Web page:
On the one side, the French President Emmanuel Macron just wants to assurge as the new statesman leading the entire International community to a safer and more sustainable world, under the sign (or hashtag) #makeourplanetgreatagain. On the other side, French people do not seem to appreciate the initiatives adopted by their envi-friendly President. Since the beginning of his presidential mandate, Emmanuel Macron had to face people’s dissatisfaction for several times, while fighting at the national and international level against climate change and carbonisation.
17 November 2018: the day French people of low and middle incomes finally said “enough”.
In particular, for the past two weeks, French people all over the country have been blocking roads, and shopping centres protesting against the rise of the fuel tax decided by Macron’s government. At the center of the current political debate, this tax is pointed at as the last unjust measure hitting low-earning workers. Protestors are not affiliated to any party. They organised a spontaneous movement, shaped on Facebook and led by none. They called themselves “yellow vests” (gilets jaunes in French), in reference to the fluorescent yellow security jackets. Taking a deeper look, the social movement is a mosaic of French working-class experiences and realities, of people feeling as the leftovers of the urban elite who “can focus on the end of the world, while we’re worrying about the end of the month”, as a protestor put it to the French press.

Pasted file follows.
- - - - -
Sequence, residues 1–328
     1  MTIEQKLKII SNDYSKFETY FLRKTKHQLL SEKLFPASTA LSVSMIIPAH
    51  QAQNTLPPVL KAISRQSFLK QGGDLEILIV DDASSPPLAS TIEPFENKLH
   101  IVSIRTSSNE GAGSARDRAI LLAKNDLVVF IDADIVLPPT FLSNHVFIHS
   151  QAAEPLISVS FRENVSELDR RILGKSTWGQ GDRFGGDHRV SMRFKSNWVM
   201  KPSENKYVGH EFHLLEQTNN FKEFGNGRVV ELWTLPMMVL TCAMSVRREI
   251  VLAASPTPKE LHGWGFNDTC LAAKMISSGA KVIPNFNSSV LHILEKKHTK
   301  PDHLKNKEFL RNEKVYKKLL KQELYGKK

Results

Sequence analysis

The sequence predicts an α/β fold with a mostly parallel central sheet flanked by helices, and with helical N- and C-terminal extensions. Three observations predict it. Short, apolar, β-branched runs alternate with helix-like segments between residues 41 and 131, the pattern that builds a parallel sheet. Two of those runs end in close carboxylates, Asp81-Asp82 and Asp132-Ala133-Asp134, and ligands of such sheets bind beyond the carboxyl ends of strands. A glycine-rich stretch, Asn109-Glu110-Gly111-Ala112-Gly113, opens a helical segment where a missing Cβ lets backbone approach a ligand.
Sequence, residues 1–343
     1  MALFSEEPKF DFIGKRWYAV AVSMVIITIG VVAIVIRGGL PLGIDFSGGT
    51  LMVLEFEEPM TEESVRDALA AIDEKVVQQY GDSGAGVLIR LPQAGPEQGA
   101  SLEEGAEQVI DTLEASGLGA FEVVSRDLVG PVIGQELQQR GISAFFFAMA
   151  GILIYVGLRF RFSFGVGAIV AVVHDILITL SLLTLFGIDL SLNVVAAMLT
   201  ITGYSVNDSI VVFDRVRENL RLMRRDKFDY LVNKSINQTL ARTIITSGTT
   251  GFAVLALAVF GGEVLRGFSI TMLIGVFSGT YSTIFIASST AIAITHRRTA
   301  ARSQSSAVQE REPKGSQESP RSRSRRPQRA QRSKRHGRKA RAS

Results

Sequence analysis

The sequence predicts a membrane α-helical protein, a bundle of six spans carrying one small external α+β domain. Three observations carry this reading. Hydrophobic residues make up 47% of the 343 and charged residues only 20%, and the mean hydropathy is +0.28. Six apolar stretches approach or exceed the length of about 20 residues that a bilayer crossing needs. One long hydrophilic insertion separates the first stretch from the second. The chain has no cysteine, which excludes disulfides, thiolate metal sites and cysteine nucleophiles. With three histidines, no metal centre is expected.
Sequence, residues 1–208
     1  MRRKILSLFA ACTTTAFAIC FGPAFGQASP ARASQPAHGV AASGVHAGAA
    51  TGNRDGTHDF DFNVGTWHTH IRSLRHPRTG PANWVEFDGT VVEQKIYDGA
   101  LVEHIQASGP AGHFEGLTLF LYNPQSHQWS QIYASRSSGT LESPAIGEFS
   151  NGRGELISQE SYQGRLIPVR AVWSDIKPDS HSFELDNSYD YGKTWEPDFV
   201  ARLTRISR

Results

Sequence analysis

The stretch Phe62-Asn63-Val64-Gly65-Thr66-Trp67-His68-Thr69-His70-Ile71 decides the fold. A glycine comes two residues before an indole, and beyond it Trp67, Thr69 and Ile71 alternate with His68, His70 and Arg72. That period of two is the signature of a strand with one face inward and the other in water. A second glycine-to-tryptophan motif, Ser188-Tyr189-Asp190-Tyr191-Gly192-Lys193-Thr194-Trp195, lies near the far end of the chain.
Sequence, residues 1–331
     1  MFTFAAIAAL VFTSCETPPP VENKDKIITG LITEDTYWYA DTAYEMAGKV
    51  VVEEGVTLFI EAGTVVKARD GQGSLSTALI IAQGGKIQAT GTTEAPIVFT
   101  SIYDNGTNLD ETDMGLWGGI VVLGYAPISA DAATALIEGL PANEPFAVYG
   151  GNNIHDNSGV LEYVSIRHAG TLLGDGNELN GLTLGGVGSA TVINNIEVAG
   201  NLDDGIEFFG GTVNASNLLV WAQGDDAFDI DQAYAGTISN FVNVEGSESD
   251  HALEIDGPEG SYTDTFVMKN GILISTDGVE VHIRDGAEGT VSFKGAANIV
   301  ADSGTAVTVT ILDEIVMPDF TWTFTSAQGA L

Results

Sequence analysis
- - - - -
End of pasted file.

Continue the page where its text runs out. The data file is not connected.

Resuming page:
It might have started as a protest against the rise of the fuel tax, but it must be taken into account that the yellow vests’ anger stems from years of rising job instability. They demand more than just a tax lift: they want all taxes to be lowered and a “citizens’ debate” on spending power and climate change.
Further, protests impacted people outside geographical borders and, for example, in La Réunion, a French overseas territory situated in the Indian Ocean, the yellow vest movement led to food shortages, schools’ closures and the enforcement of a curfew.
Now people from the “quartiers”, the poorer areas of French cities where unemployment is high, are calling to protest alongside the yellow vests for their “dignity” against “Macron’s ultra-liberalism”. At first, Macron refuses to bulge on the fuel tax. His offers, including a “super prime” bonus of €4,000 when you buy a less-polluting car, were judged out-of-touch as a lot of the protesters can’t afford to buy a new car, even if they want to.
He will not give up on the fuel tax. The environmental impact of such political measure is undeniable and it must be safeguarded. Even though the movement asked for a lift of this initiative, President Macron has only agreed to link it to the international oil price. Unfortunately for him, President Macron missed the chance to adopt, in the first week of protests, a comprehensive fiscal policy including high earners in the price of the ecological transition and pitching the French fight against climate change as a collective domestic effort. If everything had been disposed as we presented, the reaction would have been more measured.
It is clear that the yellow vests know that the ecological transition is necessary – they just don’t want to feel like they’re the only ones paying dearly for it. The two versions of France resulting from the urban clashes and upheavals are taking shape in these days, but Macron rules only one. And it is not the France of the yellow vests.